Joe Morgan

Joe L. MorganJoe Morgan (2B)Morgan
The NBC broadcast team consisted of Bob Costas on play-by-play, with Joe Morgan and Bob Uecker as analysts.
From to Morgan teamed with Bob Costas and Bob Uecker (until ) to call baseball games on NBC (and in association with The Baseball Network from 1994 to ).

Ken Harrelson

Ken "Hawk" HarrelsonKen "The Hawk" HarrelsonHawk Harrelson
In 1994, Harrelson served as a broadcaster for the short-lived Baseball Network and was the US broadcaster for the Japan Series that aired through the Prime-SportsChannel regional networks.

Gary Thorne

In, Thorne called the first two games of the American League Division Series between the New York Yankees and Seattle Mariners on NBC/The Baseball Network with Tommy Hutton.

1989 World Series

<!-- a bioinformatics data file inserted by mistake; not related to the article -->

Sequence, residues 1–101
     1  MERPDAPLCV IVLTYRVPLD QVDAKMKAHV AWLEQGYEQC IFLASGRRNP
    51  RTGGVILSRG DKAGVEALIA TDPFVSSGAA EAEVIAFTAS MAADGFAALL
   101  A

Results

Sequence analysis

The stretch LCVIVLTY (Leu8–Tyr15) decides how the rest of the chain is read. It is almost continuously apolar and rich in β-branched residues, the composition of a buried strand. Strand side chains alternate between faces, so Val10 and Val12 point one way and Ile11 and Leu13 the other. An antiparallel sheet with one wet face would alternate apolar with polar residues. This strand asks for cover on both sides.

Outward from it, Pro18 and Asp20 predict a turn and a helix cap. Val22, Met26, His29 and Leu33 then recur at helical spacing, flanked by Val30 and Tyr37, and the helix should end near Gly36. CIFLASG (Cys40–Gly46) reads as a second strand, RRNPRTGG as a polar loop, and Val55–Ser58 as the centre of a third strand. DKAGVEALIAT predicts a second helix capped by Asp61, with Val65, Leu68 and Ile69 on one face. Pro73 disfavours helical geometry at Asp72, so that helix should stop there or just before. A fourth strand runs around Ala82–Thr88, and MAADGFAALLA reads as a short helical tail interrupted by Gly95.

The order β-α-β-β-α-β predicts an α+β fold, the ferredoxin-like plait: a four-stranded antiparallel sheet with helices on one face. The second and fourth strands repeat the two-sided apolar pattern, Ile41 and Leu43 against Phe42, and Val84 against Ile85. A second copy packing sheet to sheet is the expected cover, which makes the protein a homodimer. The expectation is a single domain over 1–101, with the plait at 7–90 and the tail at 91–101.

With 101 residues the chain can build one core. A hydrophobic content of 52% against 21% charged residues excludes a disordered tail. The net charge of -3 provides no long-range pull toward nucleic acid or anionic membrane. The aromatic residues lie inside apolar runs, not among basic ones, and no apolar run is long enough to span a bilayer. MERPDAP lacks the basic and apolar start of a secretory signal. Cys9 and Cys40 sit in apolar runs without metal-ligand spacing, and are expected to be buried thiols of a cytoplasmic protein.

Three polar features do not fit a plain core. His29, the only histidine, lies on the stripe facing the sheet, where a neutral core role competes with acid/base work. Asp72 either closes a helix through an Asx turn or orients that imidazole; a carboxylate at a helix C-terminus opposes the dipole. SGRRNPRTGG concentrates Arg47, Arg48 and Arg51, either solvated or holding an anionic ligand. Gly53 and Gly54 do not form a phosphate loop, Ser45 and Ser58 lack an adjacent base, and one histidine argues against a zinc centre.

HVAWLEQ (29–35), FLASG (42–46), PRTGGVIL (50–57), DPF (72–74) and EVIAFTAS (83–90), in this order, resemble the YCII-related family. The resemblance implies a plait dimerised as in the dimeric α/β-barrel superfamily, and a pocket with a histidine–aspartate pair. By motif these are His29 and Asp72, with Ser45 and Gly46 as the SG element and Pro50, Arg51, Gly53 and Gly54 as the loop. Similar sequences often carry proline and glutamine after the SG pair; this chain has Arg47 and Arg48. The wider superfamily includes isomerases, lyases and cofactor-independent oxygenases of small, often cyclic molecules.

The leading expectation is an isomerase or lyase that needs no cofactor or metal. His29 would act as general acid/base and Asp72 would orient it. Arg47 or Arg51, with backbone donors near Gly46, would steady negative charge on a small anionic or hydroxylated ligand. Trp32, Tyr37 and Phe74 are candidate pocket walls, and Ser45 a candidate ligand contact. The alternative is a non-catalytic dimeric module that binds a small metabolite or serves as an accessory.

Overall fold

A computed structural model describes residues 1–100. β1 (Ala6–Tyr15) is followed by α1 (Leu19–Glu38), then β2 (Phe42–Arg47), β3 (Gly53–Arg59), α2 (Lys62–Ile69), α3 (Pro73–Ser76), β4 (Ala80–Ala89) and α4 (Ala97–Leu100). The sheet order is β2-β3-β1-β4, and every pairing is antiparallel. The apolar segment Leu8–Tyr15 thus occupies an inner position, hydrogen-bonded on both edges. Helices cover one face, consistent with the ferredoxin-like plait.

1989World Series1989 Series
On the subject of Michaels returning to baseball for the first time since the infamous Loma Prieta earthquake interrupted the 1989 World Series, Jim Palmer said, "Here Al is, having done five games since 1989, and steps right in. It's hard to comprehend how one guy could so amaze."
ABC would next televise a World Series in 1995, but only broadcast Games 1, 4, and 5 (the other games were covered by NBC, who had a joint venture with ABC and MLB called The Baseball Network).

Ted Robinson (sportscaster)

Ted Robinson
In addition to his work with the Athletics, Mets, Twins, and Giants, Robinson worked for The Baseball Network as an announcer for two years, worked four years on NBC Sports' Major League Baseball Game of the Week, and spent several years as a play-by-play voice for CBS Radio's Game of the Week.

Johnny Bench

Helping with interviews were Hannah Storm and Johnny Bench.
In 1994, Bench served as a field reporter for NBC/The Baseball Network's coverage of the All-Star Game from Pittsburgh.

Jim Palmer

PalmerJames Alvin Palmer
Tim McCarver, who had just spent four years at CBS, returned as an analyst along with Jim Palmer.